I don’t always know where my ideas come from, but when I find one I like, it tends to linger. For a while now I had been wanting to do something with my beer sampling tray, and last week's post about it finally tipped me into doing something with it.
So here is my first post on crafting.
The first thing I did was, like, a million power squats and bench 350. And burp loudly. Er… Sorry, I just felt like I had to defend my masculinity. I don’t know why I said that – I don’t actually know what a power squat is or what I could bench... I can burp loudly, though. Occasionally.
The actual first thing I did was walk down to the Landmark’s Dick Blick art store (Brookline Ave, Fenway/Kenmore). I presented a very helpful attendant with my sad, pine tray. Seconds later, I was walking toward the craft paint, selecting a very fine matte black. And for only $3.
|stage is set. also, james bond.|
Returning home, I established my war zone. Excuse me, work station. I think we all learn young that most major art projects require a large tarp and/or need to be done outside. With neither of those a real possibility, I settled on cutting open a Trader Joe’s bag and laying it flat on the kitchen table. Before I painted the tray, though, I wanted to come up with a way to keep it off of the paper bag (i.e. keep it from sticking to the bag). Rifling through the recycling, I found a toilet paper roll that I cut in half lengthwise. The two half pipes I was left with made for an excellent way to minimize the amount of surface space my painted tray was going to rest on. (I also tried really hard not to think about poop germs.)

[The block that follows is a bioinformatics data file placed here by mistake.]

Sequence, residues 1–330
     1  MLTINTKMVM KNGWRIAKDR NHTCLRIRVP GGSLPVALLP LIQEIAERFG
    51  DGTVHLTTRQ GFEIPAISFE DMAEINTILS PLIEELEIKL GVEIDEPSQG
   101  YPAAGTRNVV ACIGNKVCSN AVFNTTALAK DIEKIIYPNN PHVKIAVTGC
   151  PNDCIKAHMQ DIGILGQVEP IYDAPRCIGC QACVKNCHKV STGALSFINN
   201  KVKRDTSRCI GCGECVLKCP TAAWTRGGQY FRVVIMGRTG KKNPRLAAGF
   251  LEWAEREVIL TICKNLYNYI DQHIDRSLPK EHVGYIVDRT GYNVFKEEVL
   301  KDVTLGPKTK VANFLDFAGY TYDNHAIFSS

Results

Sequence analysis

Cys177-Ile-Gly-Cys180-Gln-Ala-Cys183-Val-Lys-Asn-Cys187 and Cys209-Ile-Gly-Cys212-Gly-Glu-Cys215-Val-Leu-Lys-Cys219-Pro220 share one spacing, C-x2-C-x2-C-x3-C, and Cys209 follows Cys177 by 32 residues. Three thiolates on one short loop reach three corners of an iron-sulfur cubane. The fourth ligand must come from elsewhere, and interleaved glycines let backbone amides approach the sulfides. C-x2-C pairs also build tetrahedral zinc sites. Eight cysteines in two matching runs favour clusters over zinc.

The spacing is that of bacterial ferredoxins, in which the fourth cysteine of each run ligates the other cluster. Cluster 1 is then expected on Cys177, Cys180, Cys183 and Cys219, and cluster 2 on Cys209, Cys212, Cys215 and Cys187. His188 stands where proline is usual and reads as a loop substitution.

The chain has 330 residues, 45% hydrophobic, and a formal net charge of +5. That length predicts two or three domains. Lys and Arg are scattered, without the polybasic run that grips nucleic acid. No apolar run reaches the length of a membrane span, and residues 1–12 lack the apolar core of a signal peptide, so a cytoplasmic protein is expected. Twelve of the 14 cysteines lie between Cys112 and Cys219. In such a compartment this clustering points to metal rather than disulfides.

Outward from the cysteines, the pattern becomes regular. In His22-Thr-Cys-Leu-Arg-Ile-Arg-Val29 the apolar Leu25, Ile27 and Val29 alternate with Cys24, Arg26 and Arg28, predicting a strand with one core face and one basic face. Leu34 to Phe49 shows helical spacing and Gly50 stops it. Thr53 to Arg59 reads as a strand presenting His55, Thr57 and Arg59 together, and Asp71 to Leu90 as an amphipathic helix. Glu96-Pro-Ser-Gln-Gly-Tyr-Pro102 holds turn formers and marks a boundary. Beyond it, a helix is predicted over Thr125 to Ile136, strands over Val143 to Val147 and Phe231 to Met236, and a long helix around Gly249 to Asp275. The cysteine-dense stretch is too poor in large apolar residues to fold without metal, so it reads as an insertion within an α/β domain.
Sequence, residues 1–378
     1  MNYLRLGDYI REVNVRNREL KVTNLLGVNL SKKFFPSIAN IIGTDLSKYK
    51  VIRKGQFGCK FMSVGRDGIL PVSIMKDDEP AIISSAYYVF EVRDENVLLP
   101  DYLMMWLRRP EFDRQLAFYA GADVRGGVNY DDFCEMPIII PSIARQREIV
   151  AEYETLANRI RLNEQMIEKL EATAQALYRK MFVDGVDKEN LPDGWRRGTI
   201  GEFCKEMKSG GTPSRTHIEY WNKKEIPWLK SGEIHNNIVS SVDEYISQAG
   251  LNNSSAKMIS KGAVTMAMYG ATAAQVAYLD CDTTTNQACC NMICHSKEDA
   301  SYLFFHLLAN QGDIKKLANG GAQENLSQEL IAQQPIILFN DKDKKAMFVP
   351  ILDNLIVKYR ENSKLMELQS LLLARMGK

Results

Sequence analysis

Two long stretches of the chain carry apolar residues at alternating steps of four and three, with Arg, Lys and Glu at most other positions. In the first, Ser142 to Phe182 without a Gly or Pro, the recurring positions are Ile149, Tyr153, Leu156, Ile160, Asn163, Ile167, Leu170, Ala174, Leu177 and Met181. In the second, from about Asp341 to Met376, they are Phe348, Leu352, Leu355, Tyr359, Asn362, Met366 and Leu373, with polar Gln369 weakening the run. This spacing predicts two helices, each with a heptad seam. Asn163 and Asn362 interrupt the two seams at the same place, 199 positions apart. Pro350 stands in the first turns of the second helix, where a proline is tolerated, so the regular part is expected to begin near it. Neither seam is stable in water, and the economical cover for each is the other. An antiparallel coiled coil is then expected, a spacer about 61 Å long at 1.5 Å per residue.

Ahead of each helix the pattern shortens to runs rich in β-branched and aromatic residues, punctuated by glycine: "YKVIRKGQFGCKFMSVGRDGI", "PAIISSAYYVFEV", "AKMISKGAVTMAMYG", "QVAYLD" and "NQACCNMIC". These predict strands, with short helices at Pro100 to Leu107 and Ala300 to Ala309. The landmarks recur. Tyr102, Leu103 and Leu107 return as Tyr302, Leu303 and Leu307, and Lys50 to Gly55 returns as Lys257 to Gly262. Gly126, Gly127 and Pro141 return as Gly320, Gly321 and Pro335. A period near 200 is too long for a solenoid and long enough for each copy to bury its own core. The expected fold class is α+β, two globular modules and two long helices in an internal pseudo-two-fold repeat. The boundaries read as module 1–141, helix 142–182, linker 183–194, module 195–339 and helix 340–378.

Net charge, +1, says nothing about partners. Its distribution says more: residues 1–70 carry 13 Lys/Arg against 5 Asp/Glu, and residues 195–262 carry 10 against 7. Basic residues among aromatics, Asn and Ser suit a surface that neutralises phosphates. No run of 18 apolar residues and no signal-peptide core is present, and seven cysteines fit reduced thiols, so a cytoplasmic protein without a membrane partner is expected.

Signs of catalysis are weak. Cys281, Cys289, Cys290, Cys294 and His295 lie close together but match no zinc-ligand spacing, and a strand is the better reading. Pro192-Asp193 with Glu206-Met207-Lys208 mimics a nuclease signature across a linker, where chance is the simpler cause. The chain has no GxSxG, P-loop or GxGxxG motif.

Get ready, because next comes the real artsy part.
|like grave rubbing|
My next step was customizing the tray to my tastes. Because this is going on the bar, and I associate bartending with F. Scott Fitzgerald, I wanted to give it a real art deco vibe. And, because I eat, sleep, and dream armchair (for now) travel, I wanted it to have some destination flair, too. Turns out, needing to satisfy both of these requirements is an easy problem for Trident Booksellers (Newbury Street, Back Bay) to solve. They had a book of old travel posters that I had serendipitously picked up months prior; now seemed the proper time to make use of it.
|cut to size|
If you want to customize the insets for the glasses like I did, here’s a tip that works well and is quick. Grab a piece of paper and a pencil, lay the paper on top of the tray, and etch with the side of the pencil like you’re making a grave rubbing. The result is a perfectly sized circle that, when cut out, will fit inside the tray. Using this as a template, I cut out four travel posters from the book, sized to the insets in the tray.
|after one coat|
Painting is a cinch, so that doesn't necessitate much instruction, except to say that more than one coat may be necessary.
Assembly was pretty easy, too. I just brushed some Mod Podge (also available at Dick Blick) onto the paper inserts and affixed them. Feel free to slosh some more on afterwards, just be sure to spread it out evenly with a brush. Oh, and watch out for bubbles.
|use sharpies for additional design|
Lastly, since I chose a matte paint, the surface (once it was dry) was especially easy to write on with a Sharpie (this worked out by chance, by the way, not by design). I chose gold, and used a ruler to add the decorative lines on the surface.
All in all, it was a pretty straightforward project that turned an unattractive piece of pine into a nice bar accoutrement. Also, it took less time than it takes to watch From Russia with Love. Just so you know.
Til next time!